Haroldo Dilla Alfonso
HAVANA TIMES — If I were to say the most dynamic part of Cuban society lives, not on the island, but across the world (particularly South Florida), I wouldn’t be saying anything new. This is true economically and demographically – much of the population in Cuba relies on remittances and, in the midst of generalized poverty, refuses to have children – but it is also true culturally and intellectually.
Though a significant number of the island’s intellectuals look down on Cuban cultural production abroad, we should acknowledge that the diaspora has had a highly valuable intellectual production, be it because a generation of émigrés with their own conceptions has emerged or because it has harbored émigrés (the banished, exiled and deported) who took with them the best of Cuba’s (trans) national thought. Because of this, I am always put off by that frankly resentful debate about where the cradle and child of Cuban culture are to be located – a rather archaic discussion for a society that is eminently transnational.
It is regrettable that none of the political sectors that co-exist in Cuba have a clear body of ideas about the transnational condition of Cuban society, let alone proposals for policies aimed at overcoming the rift created decades ago by circumstance and maintained for half a century by yet another mechanism for the domination and castration of Cuban society.
We can of course expect nothing of the sort from the Castro elite and the pro-government political field it rules over. For this elite, émigrés continue to represent a source of revenue and, at the same time, an ideological scarecrow. Unable to continue to represent this community as wholly unpatriotic, it has sought rather to split it up, selling the image of good émigrés – the true representatives of Cubanness – and bad ones, where the foul beasts of the pro-embargo Right are gathered. This is the reason it was particularly careful to change next to nothing having to do with émigrés in its recent migratory law reform, allowing these to visit the country of their births for a mere few extra days, extending the time they can legally remain abroad and affording them the sad privilege of being able to ask the government for mercy in order to return to the island definitively. To accept that émigrés are citizens with rights would prove fatal to the concept that regards citizenship as a measure of one’s political loyalty to the system. Consequently, it would be inadmissible for the authoritarian model that continues to prevail in the country.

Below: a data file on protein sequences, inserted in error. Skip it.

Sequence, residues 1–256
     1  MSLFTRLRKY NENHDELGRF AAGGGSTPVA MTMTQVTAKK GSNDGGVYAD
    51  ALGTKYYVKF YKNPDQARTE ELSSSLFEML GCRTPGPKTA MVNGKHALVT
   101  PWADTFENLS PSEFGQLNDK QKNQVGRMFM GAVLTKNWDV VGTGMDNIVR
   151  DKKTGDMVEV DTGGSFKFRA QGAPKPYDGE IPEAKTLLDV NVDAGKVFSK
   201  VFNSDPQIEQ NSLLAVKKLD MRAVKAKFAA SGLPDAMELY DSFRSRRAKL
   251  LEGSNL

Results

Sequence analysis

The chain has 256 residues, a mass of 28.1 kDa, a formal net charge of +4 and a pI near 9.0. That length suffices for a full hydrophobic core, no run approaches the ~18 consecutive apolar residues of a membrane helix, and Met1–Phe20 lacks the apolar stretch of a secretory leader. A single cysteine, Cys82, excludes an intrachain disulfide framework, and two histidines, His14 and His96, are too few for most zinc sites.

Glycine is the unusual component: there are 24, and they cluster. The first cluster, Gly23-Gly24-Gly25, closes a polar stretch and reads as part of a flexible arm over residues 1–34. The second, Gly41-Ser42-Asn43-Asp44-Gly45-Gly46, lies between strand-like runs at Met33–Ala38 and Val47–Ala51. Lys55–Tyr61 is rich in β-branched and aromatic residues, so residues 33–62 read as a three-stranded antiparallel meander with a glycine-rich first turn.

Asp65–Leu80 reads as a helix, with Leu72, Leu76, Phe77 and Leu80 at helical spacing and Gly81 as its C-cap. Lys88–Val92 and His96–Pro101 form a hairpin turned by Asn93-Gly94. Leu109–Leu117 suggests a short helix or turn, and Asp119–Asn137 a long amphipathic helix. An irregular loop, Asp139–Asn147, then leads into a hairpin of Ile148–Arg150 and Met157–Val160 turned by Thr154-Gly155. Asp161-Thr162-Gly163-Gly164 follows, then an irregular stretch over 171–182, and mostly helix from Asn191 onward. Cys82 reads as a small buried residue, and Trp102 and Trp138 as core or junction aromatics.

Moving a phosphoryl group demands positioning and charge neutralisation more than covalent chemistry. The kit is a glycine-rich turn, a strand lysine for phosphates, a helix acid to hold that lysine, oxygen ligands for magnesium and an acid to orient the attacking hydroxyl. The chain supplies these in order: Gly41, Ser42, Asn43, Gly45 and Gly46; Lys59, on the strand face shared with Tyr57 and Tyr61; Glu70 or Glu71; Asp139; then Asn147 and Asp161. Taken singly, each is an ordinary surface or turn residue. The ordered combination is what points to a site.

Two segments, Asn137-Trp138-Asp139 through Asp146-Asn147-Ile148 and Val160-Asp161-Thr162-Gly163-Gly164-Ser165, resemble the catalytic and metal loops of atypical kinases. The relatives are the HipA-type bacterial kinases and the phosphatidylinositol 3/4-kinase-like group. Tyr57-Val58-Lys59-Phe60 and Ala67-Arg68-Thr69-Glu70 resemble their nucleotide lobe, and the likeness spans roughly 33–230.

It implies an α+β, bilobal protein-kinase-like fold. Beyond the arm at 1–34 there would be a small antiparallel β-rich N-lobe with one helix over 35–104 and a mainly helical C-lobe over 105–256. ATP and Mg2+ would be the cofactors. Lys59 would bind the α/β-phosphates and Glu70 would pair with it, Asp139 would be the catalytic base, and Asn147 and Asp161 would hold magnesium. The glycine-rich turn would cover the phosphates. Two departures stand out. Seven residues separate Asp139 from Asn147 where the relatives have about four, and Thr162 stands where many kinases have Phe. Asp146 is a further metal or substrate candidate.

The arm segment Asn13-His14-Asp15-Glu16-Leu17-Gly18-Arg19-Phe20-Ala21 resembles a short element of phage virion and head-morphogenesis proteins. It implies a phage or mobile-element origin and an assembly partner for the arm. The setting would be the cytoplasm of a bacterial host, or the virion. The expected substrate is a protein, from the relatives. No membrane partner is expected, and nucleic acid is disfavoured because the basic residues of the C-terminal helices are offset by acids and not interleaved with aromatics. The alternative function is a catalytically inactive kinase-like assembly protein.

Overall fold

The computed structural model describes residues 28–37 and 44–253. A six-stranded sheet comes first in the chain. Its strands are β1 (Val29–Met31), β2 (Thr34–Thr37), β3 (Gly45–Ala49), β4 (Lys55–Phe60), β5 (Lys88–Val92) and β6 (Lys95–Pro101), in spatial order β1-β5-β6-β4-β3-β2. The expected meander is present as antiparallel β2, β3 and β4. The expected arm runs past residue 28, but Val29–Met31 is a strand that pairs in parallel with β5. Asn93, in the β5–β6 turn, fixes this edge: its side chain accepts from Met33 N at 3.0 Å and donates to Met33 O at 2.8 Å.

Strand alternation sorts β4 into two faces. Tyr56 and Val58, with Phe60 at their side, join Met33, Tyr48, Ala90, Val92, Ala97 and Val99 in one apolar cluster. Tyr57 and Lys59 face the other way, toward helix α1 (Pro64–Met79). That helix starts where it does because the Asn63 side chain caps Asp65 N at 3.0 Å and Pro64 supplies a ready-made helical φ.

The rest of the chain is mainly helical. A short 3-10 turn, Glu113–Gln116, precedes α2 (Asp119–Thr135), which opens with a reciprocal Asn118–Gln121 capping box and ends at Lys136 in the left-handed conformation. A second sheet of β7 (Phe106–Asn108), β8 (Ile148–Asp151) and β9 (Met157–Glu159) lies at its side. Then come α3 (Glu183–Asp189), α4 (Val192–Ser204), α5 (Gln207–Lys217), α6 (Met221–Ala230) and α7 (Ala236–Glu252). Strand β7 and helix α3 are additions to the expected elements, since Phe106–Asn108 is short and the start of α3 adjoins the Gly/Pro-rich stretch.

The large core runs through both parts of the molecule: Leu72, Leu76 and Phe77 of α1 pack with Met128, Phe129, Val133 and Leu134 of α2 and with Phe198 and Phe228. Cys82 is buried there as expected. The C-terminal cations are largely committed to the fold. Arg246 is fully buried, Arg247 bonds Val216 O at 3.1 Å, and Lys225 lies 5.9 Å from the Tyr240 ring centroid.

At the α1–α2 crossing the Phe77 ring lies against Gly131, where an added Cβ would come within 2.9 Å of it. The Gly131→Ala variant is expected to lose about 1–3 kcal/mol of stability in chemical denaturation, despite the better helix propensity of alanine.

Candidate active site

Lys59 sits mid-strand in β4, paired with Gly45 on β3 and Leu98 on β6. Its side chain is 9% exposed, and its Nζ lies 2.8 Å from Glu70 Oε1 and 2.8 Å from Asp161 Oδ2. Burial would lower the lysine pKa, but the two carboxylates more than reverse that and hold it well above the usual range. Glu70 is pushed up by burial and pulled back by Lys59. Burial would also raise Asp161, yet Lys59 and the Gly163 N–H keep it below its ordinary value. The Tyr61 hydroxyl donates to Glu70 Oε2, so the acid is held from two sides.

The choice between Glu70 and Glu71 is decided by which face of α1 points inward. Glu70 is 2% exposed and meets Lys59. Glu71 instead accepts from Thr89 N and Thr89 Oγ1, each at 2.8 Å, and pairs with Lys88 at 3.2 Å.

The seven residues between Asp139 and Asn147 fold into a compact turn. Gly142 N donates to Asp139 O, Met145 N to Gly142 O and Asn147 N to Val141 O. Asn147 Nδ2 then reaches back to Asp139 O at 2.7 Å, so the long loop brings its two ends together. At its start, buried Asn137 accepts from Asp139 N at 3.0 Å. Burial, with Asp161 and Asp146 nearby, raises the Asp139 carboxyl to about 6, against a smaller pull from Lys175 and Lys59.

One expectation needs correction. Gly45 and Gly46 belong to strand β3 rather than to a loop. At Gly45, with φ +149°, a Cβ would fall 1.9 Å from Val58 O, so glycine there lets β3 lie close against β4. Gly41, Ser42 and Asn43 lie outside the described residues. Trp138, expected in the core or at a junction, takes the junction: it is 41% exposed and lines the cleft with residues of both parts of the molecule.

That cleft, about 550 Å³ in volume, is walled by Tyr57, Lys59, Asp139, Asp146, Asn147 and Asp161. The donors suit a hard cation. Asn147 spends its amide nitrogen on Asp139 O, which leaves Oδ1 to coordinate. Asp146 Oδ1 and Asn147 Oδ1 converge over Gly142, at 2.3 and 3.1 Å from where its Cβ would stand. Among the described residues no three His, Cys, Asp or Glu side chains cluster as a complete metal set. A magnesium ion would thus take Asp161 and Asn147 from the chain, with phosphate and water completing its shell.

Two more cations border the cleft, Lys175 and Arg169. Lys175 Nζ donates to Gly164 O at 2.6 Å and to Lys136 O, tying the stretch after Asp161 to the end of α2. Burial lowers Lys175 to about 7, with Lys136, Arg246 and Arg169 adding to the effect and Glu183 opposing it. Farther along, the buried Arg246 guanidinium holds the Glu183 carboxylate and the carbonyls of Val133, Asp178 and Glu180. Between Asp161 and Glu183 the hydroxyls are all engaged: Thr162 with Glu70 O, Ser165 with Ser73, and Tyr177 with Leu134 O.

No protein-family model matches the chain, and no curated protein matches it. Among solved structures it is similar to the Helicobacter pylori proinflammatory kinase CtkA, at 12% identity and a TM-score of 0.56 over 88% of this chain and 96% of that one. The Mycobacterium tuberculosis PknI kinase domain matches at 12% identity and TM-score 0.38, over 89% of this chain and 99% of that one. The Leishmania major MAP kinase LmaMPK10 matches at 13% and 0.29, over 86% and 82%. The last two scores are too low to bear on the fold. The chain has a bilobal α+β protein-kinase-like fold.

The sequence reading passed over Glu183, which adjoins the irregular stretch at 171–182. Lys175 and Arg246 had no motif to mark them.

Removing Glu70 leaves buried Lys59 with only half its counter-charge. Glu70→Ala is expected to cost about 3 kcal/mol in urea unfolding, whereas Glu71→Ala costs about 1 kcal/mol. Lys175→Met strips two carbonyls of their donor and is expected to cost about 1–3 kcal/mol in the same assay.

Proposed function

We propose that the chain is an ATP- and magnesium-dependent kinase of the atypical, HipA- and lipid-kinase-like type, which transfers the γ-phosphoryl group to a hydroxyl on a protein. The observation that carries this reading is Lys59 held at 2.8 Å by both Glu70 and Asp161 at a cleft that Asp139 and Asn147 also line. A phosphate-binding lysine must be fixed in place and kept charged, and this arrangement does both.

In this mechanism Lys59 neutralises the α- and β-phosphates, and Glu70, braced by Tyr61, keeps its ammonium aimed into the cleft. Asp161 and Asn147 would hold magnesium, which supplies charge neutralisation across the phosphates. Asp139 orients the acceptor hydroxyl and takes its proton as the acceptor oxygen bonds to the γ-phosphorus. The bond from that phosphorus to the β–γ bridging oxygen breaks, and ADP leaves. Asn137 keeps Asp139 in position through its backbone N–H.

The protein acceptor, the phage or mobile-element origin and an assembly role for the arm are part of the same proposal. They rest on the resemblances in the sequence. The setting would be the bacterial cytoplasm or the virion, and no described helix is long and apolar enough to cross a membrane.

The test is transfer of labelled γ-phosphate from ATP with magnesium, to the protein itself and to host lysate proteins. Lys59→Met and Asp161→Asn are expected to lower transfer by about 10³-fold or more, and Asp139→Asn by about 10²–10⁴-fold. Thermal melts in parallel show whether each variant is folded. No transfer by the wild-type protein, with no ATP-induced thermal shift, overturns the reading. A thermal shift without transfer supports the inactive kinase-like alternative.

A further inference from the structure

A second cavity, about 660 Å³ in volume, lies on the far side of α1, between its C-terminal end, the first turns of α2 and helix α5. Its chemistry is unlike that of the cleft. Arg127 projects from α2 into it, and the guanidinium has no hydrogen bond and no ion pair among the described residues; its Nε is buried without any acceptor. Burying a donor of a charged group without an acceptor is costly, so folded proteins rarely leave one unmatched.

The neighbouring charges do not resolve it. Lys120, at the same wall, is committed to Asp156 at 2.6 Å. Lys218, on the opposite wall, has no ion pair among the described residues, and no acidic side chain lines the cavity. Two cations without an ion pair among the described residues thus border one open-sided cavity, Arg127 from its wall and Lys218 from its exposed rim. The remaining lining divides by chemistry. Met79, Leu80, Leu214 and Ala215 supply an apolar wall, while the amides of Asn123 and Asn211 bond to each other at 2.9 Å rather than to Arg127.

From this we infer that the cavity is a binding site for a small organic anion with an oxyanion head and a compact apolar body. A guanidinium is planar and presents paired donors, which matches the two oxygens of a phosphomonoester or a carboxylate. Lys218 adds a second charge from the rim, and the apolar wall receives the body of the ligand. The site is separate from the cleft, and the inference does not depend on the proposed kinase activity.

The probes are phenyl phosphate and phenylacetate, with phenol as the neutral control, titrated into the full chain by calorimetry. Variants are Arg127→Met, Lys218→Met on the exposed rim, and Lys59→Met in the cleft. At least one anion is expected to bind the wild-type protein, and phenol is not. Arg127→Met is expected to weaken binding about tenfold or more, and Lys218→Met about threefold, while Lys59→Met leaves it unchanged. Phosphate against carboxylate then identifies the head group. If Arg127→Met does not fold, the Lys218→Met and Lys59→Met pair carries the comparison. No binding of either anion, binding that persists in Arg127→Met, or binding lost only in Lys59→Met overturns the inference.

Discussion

What’s surprising is that no substantial political conception of this exists in the other two political fields.